Yolanda Franklin and Rhianna Basore in “This Wide Night” at ion theatre.

By Pat Launer

Loneliness and loss. Dejection, rejection. Anger and bitterness. Untrusting and unloved.

These emotions pulsate like an undertone through the searing slice of post-prison life that is “This Wide Night,” by award-winning English playwright Chloë Moss, at ion theatre. It’s a two-hander tour de force, as a pair of former cellmates come together and apart, trying to forge a new life for themselves.

On a rainy evening, Lorraine (Yolanda Franklin) appears at the door of a marvelously disheveled London flat (scenic design by director Claudio Raygoza). Marie (Rhianna Basore) crouches behind a chair when she hears the knock. Cautiously, she admits Lorraine, and thus begins a hesitant 90-minute pas de deux of reminiscence and concealment, intimacy and estrangement, argument and reconciliation.

The dialogue is sparse, often monosyllabic. There are long pauses. This is hopelessness in real-time, slow and endless. There’s little backstory and no resolution.

Based on her work with female prisoners, Moss’ gritty, gut-wrenching piece isn’t for the faint of heart. But the curious and intrepid theatergoer will be well rewarded, with two outstanding performances, expertly directed.

Raygoza, a master at plumbing the dark depths of the soul, knows just how to give a play like this room to breathe, as suffocating as the setup may be. His exquisite, potently-accented actors  — Basore as wary, wounded Marie, and Franklin as heartbroken and broken Lorraine — circle each other like still-caged animals, reluctant to reveal real feelings, or confront the truth of their desperate lives.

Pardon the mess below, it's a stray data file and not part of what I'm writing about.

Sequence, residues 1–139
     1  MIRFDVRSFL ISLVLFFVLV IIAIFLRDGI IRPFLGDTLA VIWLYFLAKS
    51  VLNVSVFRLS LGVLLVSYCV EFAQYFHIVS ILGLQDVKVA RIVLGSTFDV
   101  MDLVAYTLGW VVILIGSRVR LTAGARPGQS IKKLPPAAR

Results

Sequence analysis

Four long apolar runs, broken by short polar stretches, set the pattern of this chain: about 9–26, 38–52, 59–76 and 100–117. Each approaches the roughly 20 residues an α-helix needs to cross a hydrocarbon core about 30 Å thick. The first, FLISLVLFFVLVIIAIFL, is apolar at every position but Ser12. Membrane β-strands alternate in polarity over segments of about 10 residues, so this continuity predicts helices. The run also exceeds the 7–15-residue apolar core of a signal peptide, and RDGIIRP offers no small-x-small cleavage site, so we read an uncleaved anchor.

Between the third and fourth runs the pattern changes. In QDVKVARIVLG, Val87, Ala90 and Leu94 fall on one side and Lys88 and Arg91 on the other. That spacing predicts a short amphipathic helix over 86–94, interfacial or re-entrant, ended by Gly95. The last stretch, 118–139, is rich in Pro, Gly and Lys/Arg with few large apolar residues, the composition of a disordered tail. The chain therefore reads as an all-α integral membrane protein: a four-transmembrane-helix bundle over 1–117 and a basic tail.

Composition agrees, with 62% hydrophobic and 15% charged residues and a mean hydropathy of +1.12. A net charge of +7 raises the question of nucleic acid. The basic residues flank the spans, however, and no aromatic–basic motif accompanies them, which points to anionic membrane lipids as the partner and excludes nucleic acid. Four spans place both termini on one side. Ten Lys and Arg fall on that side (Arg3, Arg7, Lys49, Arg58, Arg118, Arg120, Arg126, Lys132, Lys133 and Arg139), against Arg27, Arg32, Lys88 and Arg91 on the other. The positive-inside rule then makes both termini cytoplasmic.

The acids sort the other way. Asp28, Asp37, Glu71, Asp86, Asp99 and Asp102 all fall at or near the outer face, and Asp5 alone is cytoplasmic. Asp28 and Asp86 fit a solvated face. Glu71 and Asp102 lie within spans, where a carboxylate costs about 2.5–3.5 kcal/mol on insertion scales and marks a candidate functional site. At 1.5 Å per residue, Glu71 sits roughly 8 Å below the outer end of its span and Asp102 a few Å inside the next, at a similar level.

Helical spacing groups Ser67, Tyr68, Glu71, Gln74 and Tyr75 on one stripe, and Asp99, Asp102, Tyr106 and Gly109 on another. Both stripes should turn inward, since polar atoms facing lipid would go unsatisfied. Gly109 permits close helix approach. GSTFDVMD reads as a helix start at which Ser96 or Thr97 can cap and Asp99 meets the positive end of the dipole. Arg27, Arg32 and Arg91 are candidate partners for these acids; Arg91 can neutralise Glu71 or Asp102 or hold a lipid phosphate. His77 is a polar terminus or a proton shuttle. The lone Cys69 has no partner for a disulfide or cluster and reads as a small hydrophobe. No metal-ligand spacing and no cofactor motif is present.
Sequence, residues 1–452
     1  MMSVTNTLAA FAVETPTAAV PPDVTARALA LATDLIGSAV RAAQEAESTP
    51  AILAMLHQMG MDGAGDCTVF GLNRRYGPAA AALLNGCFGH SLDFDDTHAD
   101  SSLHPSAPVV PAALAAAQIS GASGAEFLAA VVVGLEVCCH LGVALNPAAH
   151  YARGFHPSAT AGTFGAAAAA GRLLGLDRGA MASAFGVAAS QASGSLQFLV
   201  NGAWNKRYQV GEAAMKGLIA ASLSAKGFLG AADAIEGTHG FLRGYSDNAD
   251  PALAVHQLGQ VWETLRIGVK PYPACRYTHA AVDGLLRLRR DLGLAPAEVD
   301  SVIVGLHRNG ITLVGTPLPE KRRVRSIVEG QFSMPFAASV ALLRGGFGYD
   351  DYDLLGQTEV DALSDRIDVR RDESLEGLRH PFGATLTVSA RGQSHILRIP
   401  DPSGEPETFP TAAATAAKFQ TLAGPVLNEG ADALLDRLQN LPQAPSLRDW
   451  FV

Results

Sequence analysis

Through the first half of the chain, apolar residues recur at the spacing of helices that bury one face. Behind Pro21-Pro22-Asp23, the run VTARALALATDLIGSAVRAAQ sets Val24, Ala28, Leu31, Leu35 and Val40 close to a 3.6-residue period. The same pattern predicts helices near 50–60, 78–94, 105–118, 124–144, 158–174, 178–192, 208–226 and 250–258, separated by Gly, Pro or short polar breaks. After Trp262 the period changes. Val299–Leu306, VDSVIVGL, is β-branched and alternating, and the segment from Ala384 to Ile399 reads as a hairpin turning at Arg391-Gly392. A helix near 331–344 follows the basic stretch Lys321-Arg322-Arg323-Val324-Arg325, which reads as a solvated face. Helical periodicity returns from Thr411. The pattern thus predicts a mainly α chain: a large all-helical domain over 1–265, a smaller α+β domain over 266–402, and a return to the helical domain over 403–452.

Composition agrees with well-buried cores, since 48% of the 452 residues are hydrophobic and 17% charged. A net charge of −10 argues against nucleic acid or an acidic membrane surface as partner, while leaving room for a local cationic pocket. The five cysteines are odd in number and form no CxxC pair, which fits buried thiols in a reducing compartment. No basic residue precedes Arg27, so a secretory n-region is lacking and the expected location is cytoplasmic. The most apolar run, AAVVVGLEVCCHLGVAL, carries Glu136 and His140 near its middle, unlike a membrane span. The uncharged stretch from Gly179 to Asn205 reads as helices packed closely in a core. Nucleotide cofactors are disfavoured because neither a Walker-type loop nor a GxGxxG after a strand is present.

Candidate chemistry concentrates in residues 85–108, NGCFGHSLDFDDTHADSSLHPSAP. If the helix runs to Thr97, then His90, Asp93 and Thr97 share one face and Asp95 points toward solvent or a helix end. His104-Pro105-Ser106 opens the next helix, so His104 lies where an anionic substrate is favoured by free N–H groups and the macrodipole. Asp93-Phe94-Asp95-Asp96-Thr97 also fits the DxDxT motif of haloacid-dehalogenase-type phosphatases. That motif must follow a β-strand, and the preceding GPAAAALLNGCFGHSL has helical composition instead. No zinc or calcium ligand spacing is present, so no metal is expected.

Raygoza’s set is a hothouse of dissolution and disarray. It never gets cleaned up. The cigarette butts accumulate in the ashtray; the pizza box remains splayed on the floor.

And though we don’t know what’s ahead (or even what got one of them incarcerated), we can just imagine the bleak future that awaits them. This may be England, but the situation isn’t so different here. The system virtually abandons the newly released, who are unprepared for making their way on their own.

There’s nothing ‘wide’ in this claustrophobic drama, except maybe the expanse of time that lies before these hapless perpetrators-turned-victims. Once again, ion shines a piercing light on a dim corner of society, a tightly focused beam that deeply penetrates.


“This Wide Night” has been extended through Oct. 11, at ion theatre, 3704 6th Ave., on the edge of Hillcrest.

Performances are Thursday-Saturday at 8 p.m.; Saturday at 4 p.m.

Running Time: 90 minutes

Tickets ($20-$30) are available at (619) 600-5020 or online at www.iontheatre.com


Pat Launer is a long-time San Diego arts writer and an Emmy Award-winning theater critic. An archive of her previews and reviews can be found at www.patteproductions.com.

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